When I became deputy director of the Child Survival Partnership in 2004, I knew the task at hand –saving mothers and children -- was a challenging one. Four years earlier, the world’s countries had agreed on Millennium Development Goals (MDGs) to improve maternal health and reduce child mortality. We knew that moving the needle on maternal and child survival would take more headway and greater advances than had been seen to date.
Since then, and particularly since 2010, we have accelerated progress in an unprecedented manner, mobilized actors and partners, and improved our way of working. The world has undergone an extraordinary transformation, halving maternal and child mortality under the MDGs.
As we transition to the Sustainable Development Goals (SDGs), we are in a much better position to achieve global and equitable progress for all people. Goal 3 of the 17 SDGs is to “ensure healthy lives and promote well-being for all at all ages.” This broad goal embraces the unfinished agenda of the MDGs and goes beyond it. It aims to virtually end preventable maternal, newborn, and child deaths and to improve access to sexual and reproductive health, as well as access to medicines and vaccines. By moving toward this goal, we are working to protect the future and well-being of those closest to us: our mothers, children, and communities.
The 2010–15 Global Strategy for Women’s and Children’s Health brought together hundreds of partners around the Every Woman Every Child movement to jointly achieve the ambitious goals for maternal and child health.
Building on this progress, the United Nations Secretary-General, in September 2015, launched a follow-up roadmap for 2016–30 at the UN General Assembly, the Global Strategy for Women’s, Children’s, and Adolescents’ Health.
The new strategy aligns fully with the SDGs, embracing the vision of a future where we reach the highest attainable standard of health for all women, children, and adolescents. A new funding mechanism, the Global Financing Facility in Support of Every Woman, Every Child, aims to bring together existing and new sources of financing to accelerate efforts to end preventable maternal, newborn, and child deaths by 2030.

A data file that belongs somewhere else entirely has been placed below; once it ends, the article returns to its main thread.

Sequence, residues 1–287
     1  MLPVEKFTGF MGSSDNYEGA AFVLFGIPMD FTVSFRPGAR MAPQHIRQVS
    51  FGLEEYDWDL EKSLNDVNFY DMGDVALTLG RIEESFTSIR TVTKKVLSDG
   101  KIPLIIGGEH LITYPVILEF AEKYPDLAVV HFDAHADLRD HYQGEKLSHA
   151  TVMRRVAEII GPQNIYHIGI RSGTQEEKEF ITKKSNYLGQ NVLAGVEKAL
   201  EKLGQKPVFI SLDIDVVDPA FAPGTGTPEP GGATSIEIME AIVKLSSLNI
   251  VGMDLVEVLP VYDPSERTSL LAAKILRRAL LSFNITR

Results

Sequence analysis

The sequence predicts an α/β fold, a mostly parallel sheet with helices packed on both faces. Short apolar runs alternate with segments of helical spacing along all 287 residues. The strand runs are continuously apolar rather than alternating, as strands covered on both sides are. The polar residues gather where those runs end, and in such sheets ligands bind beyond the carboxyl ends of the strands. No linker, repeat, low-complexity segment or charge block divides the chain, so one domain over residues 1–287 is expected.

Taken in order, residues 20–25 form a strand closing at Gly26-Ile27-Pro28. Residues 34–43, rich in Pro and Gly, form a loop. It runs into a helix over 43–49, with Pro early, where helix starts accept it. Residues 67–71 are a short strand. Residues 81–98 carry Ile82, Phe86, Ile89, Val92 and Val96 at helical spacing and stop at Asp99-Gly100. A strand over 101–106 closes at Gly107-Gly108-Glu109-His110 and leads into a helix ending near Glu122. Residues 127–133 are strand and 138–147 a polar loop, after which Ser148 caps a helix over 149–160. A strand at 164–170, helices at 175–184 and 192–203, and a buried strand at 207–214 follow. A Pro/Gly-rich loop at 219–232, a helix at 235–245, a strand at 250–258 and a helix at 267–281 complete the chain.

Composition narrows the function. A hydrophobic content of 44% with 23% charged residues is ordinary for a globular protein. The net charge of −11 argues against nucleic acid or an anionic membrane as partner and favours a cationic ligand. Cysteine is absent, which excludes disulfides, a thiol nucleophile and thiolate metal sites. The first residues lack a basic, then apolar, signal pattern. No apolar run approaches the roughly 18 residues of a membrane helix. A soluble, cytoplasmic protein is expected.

Strategy, financing, and delivery of services need to be guided by the best available scientific knowledge on the efficacy of interventions and the effectiveness of programs. A new book, Reproductive, Maternal, Newborn, and Child Health, provides a rigorous knowledge base on which to design interventions, programs, service delivery platforms, and policies.
The volume is part of the Disease Control Priorities (DCP3) series, a seven year project to promote and support the use of economic evaluation for priority setting at both global and national levels. It contains technical knowledge that can help us reach the ambitious Global Goal 3 targets—maternal mortality rates lower than 70 maternal deaths per 100,000 live births, neonatal mortality rates of 12 per 1,000 live births, and stillbirth rates of 9 per 1,000 total births.
It is a source of great pride to know that my World Health Organization team led by Dr. Marleen Temmerman, director of the Department of Reproductive Health and Research, contributed to this work. My team will continue its efforts to end preventable mortality worldwide and to achieve the three broad goals embraced by the new Global Strategy for Women’s, Children’s, and Adolescents’ Health —survive, thrive, and transform.
We all have a role to play as we put this global strategy into practice in every corner of the globe. We need everyone’s continued engagement, support, and commitments. We have the knowledge, the tools, and the will. A transformation by 2030 is within our reach.
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Publication: Disease Control Priorities, Third Edition: Reproductive, Maternal, Newborn, and Child Health